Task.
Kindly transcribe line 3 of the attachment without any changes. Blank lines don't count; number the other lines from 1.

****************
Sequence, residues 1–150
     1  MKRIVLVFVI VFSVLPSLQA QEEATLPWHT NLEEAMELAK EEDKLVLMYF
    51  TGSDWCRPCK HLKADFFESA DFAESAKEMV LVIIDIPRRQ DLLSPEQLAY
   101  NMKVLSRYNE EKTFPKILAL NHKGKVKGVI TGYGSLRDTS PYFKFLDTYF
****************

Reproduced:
    51  TGSDWCRPCK HLKADFFESA DFAESAKEMV LVIIDIPRRQ DLLSPEQLAY